At around 12:30 PM on January 19th, four workers who were working on curing concrete at an apartment construction site in Daegu collapsed from breathing difficulties.

During winter construction, the water contained in the concrete may freeze and cause cracks.

In order to make the concrete harden well without freezing, it was smothered by poisonous gas while smelting lignite.

Three hours later on the same day, at a construction site in Pyeongtaek, Gyeonggi Province, a female worker in her 60s collapsed for the same reason.

Accidents like this happen every winter at construction sites across the country.

In December 2017, two people lost their lives in Gimpo.

On January 16, 2019, two people died in the same accident at an apartment site in Siheung.


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Lignite is one of the low-quality coals.

Low carbon content and high moisture content.

It also has less calorific value than bituminous coal (bituminous coal) or anthracite coal, which has a higher degree of carbonization.

It leaves various toxic substances such as carbon monoxide, sulfur oxides (Sox), nitrogen oxides (NOx), fine dust, and heavy metals, as well as carbon dioxide, a greenhouse gas.

But why use it?

Because it's cheap.



In an era where 'clean energy' is in the spotlight, coal has long been driven (known as) to be eliminated due to problems such as exhaust gas and fine dust.

Lignite is among the most 'dirty' of them.

However, there are countries that rely on such lignite for a significant proportion of their electricity production.

The country is counted as a world leader in clean and renewable energy and is one of the countries that set a model for Korea's nuclear-free policy establishment.

That's right, Germany.


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Use of lignite from Germany, a leading country in 'clean energy'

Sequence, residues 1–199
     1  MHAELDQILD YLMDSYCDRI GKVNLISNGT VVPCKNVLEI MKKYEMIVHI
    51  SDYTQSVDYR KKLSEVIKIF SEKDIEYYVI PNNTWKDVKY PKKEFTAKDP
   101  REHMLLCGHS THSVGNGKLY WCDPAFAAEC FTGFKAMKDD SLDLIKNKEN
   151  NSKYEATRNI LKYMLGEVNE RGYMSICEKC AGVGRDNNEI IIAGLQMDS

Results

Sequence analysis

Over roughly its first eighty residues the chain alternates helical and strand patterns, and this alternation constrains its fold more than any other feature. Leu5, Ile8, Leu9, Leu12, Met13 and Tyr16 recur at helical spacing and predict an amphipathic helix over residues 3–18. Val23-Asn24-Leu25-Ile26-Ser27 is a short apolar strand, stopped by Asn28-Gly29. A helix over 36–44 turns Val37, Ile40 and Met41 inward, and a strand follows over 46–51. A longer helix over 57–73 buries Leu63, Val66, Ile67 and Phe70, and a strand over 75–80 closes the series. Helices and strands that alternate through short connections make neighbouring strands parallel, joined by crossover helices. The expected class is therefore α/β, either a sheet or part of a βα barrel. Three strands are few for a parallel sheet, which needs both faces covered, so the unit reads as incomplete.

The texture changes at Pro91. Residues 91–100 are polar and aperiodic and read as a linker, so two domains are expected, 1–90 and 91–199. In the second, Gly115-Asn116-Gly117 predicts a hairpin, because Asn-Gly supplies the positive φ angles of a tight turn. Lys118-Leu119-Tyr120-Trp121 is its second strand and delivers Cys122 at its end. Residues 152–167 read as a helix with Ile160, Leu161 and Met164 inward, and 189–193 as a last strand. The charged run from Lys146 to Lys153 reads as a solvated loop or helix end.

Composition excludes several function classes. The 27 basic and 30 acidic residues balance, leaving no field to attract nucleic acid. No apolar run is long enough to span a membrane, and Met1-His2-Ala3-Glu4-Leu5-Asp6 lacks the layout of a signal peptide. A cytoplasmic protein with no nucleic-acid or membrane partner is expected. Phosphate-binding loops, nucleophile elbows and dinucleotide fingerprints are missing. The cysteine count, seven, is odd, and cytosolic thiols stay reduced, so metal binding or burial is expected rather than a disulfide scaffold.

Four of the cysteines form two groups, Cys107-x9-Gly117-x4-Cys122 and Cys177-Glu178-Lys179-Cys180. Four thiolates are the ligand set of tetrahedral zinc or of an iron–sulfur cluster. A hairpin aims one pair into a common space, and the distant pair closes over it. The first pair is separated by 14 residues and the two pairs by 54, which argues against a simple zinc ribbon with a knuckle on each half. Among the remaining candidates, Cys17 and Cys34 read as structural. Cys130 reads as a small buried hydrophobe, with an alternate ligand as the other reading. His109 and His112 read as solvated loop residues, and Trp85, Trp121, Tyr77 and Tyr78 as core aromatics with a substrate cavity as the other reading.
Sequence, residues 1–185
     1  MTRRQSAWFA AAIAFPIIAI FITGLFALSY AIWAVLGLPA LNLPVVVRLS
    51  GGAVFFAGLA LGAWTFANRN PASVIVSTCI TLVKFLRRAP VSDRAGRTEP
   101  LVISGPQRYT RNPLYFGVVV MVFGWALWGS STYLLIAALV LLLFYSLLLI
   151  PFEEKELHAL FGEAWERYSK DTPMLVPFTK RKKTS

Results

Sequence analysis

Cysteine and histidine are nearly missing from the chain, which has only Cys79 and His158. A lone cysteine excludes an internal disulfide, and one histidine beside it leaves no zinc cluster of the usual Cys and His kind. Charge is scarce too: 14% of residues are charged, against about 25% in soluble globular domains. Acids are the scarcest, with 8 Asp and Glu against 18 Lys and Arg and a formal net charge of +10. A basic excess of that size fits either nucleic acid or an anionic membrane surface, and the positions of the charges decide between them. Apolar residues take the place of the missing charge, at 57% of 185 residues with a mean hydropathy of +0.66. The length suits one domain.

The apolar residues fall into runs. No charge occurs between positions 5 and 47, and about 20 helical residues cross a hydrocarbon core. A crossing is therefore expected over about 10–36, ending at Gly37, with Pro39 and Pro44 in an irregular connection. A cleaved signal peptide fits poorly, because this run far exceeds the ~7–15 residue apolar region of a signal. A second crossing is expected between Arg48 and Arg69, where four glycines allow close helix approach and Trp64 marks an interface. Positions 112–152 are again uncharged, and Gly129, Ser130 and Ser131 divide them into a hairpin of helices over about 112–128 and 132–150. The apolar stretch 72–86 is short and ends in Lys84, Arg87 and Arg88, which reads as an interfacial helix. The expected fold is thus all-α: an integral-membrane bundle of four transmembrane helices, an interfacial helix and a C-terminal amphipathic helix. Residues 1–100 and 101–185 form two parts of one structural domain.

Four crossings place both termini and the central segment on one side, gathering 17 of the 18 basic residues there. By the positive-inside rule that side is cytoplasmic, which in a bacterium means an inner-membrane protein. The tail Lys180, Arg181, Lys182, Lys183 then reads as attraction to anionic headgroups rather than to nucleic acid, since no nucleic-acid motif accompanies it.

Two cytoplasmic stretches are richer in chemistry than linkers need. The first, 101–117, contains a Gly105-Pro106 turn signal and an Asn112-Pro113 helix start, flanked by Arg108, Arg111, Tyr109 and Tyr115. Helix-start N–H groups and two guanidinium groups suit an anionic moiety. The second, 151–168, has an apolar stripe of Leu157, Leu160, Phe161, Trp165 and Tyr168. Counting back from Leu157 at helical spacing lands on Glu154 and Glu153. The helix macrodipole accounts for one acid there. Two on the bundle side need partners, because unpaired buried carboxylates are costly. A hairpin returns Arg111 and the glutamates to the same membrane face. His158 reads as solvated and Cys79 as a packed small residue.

There is a lot of lignite in Germany.

The geology is different from Korea, which produces a lot of anthracite.

Germany has used its abundant lignite for industrialization since ancient times.

It's not just about the times when the Nazis started World War II.

According to the World Coal Association and the European Union for Environmental Health (HEAL), Germany ranked first in both production and consumption of lignite until 2015, accounting for 17% of the world's total.


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 Germany has been hard at work transitioning to cleaner energies, such as LNG and wind, but still relies on coal for 28% of its power.

Among coal, lignite accounted for 18.7% of Germany's total power generation last year, which is equivalent to wind power (20.3%). 



Germany's Deputy Prime Minister and Minister of Economy and Climate Protection Robert Havek recently announced that the coal power plant that Germany had built will be restarted.

It was only at the end of last year that the German government and major political parties announced a plan to completely phase out coal power generation by 2030 and fill 80% of its electricity supply with renewable energy.

Habek's remarks go against the "coal-free agreement" between the German government and each political party. 


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Is it because Harbek is an economist who ignores the environment?

Not like that.

Habek is the leader of the Green Party, calling for a strong response to climate change.

Nevertheless, the decision to increase the power generation of coal - especially lignite, which emits a lot of pollutants - is due to the urgent reality of the moment.



 Germany has already been increasing coal power generation since last year due to the weakening wind and decreasing wind power generation.

Germany's coal production in 2021 reached 125 million tons, up 17% from the previous year (2020), exceeding the 2019 level.


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 There, another major energy source, LNG, was running out.

After Germany imposed sanctions on Russia as a major member of NATO, Russia began to lock down natural gas pipes.

In mid-June, Gazprom of Russia notified Siemens Energy that it would reduce the amount of gas supplied to Germany to a third of the previous level due to the delay in returning the pumping equipment of Nordstream 1, which had been repaired by Siemens Energy.